SQL and Snowflake #7: lateral split-to-rows, CTEs, filters

by Harvey Joyce

When learning a new skill, it is always important to practice, practice and practice! Thus, I have been using the Preppin' Data Challenges to hone my skills in SQL and Snowflake. These are weekly exercises to help you learn and develop data preparation skills. The challenges are designed for learning Tableau Prep but they can be completed in R, Python, SQL, DBT, EasyMorph and many other tools.

To start, I will be completing challenge 2023- Week 7. This challenge involves looking bank transactions for a fiction a bank. They want to flag potentially fraudulent transactions such as:

  • Being more than £1,000 in value
  • Excluding cancelled transactions
  • Platinum Bank Accounts have different rules for identifying fraudulent transactions so we will exclude them from our analysis

The link to the challenge is: https://preppindata.blogspot.com/2023/02/2023-week-7-flagging-fraudulent.html

Using select * , we can look at all the tables:

First looking at the account information table, we need to:

    • Ensure there is one row per Account Holder ID, Joint accounts will have 2 Account Holders, we want a row for each of them
    • Make sure there are no null values in the Account Holder ID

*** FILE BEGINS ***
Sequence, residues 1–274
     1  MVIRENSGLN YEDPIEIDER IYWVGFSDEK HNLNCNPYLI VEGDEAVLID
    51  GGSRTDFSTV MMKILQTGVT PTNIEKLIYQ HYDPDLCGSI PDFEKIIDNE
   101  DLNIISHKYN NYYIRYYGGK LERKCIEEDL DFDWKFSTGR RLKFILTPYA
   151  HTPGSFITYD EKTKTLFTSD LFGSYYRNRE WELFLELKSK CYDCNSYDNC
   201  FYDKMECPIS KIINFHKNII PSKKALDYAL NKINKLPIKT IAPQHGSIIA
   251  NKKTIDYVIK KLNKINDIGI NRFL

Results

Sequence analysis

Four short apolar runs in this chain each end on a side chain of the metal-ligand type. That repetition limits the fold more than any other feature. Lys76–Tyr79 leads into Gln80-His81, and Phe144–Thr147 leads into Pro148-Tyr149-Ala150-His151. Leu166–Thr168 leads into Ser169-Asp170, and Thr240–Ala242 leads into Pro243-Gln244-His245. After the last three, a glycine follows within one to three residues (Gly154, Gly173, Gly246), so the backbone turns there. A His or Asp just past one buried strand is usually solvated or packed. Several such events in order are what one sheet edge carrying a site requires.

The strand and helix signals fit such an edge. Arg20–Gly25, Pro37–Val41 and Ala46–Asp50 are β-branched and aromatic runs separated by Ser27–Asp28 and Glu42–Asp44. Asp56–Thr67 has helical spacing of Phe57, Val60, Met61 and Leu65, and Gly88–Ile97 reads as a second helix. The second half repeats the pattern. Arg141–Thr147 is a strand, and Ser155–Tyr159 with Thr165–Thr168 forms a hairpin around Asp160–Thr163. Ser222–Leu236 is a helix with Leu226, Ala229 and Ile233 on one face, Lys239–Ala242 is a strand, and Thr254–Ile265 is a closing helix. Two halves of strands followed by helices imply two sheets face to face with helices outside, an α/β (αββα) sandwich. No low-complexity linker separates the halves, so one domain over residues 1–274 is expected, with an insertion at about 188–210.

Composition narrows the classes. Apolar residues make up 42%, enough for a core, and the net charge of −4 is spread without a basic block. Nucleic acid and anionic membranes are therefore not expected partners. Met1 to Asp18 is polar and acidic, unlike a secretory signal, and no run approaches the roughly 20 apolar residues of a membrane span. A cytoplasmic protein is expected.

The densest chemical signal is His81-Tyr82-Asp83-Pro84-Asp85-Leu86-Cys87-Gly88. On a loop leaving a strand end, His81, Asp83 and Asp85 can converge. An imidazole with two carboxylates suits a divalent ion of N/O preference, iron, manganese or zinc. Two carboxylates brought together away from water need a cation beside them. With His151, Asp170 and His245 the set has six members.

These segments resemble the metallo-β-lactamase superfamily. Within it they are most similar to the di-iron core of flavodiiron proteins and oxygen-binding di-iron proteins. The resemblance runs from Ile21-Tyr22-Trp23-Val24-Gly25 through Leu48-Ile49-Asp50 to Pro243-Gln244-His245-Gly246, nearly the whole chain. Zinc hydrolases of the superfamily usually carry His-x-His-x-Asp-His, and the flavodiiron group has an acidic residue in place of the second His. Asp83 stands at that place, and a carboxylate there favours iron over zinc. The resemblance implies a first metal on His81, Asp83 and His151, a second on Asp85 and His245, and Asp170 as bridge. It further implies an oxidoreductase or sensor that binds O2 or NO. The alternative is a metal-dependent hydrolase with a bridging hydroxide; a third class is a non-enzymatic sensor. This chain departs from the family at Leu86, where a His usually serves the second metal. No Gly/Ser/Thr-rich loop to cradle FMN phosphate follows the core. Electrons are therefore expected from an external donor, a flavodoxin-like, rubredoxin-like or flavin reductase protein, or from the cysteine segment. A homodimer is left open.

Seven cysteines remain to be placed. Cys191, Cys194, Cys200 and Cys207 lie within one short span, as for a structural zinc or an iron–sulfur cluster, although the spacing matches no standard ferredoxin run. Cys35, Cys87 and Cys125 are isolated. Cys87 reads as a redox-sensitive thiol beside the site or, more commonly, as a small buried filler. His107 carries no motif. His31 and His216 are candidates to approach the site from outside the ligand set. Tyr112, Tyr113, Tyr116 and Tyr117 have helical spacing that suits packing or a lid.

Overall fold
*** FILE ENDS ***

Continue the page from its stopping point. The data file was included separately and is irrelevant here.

First we select the fields we need to create the table. The SPLIT_TO_TABLE syntax will split that column into rows based on the ", "
", LATERAL" is joining to the result of SPLIT_TO_TABLE . The ", " indicates an INNER JOIN, whilst LATERAL will let you join on that SPLIT_TO_TABLE.

We use WHERE to remove the nulls

We can now combine the two account tables using CTEs! The first CTE labeled t1 has the Account Holders info. We need to make sure the phone numbers start with 07, thus we concatenate a 0 on the contact_number field using ||.

The second CTE (t2) has the code in the picture above. We can now join these tables on the account holder id.

Next we need to join both transaction tables, using transaction id.

The joined account table is put into a CTE (t5), the joined transaction table is also put in a CTE (t6).

The final code looks like this. We join t5 and t6 based on account number and account_to (account number) respectively. Now we can add our filters to flag suspicious transactions.

  • Being more than £1,000 in value
  • No cancelled transactions
  • No Platinum Bank Accounts

And that's it! This challenge was great for practicing CTEs, SPLIT_TO_TABLE and the niche LATERAL join!